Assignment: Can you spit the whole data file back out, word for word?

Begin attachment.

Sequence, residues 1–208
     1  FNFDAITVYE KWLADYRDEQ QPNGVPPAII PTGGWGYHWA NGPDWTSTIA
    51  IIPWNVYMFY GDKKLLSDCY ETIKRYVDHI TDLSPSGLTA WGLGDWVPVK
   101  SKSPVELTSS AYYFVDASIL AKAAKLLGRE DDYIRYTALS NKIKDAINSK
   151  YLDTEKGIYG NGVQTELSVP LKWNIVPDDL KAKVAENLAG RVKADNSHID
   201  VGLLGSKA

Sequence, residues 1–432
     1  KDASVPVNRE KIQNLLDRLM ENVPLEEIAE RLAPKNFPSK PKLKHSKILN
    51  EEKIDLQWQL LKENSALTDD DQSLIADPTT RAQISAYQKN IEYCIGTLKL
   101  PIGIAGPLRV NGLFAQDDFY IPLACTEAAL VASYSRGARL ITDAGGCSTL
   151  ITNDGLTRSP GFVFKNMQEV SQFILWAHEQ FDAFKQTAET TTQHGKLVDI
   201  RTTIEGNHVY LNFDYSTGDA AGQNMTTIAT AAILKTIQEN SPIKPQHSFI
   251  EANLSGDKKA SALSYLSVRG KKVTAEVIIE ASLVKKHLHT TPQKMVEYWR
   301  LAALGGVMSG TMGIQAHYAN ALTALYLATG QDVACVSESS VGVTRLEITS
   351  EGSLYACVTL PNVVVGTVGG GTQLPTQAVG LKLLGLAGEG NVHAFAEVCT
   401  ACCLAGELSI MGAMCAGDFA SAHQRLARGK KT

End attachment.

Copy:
Sequence, residues 1–208
     1  FNFDAITVYE KWLADYRDEQ QPNGVPPAII PTGGWGYHWA NGPDWTSTIA
    51  IIPWNVYMFY GDKKLLSDCY ETIKRYVDHI TDLSPSGLTA WGLGDWVPVK
   101  SKSPVELTSS AYYFVDASIL AKAAKLLGRE DDYIRYTALS NKIKDAINSK
   151  YLDTEKGIYG NGVQTELSVP LKWNIVPDDL KAKVAENLAG RVKADNSHID
   201  VGLLGSKA

Sequence, residues 1–432
     1  KDASVPVNRE KIQNLLDRLM ENVPLEEIAE RLAPKNFPSK PKLKHSKILN
    51  EEKIDLQWQL LKENSALTDD DQSLIADPTT RAQISAYQKN IEYCIGTLKL
   101  PIGIAGPLRV NGLFAQDDFY IPLACTEAAL VASYSRGARL ITDAGGCSTL
   151  ITNDGLTRSP GFVFKNMQEV SQFILWAHEQ FDAFKQTAET TTQHGKLVDI
   201  RTTIEGNHVY LNFDYSTGDA AGQNMTTIAT AAILKTIQEN SPIKPQHSFI
   251  EANLSGDKKA SALSYLSVRG KKVTAEVIIE ASLVKKHLHT TPQKMVEYWR
   301  LAALGGVMSG TMGIQAHYAN ALTALYLATG QDVACVSESS VGVTRLEITS
   351  EGSLYACVTL PNVVVGTVGG GTQLPTQAVG LKLLGLAGEG NVHAFAEVCT
   401  ACCLAGELSI MGAMCAGDFA SAHQRLARGK KT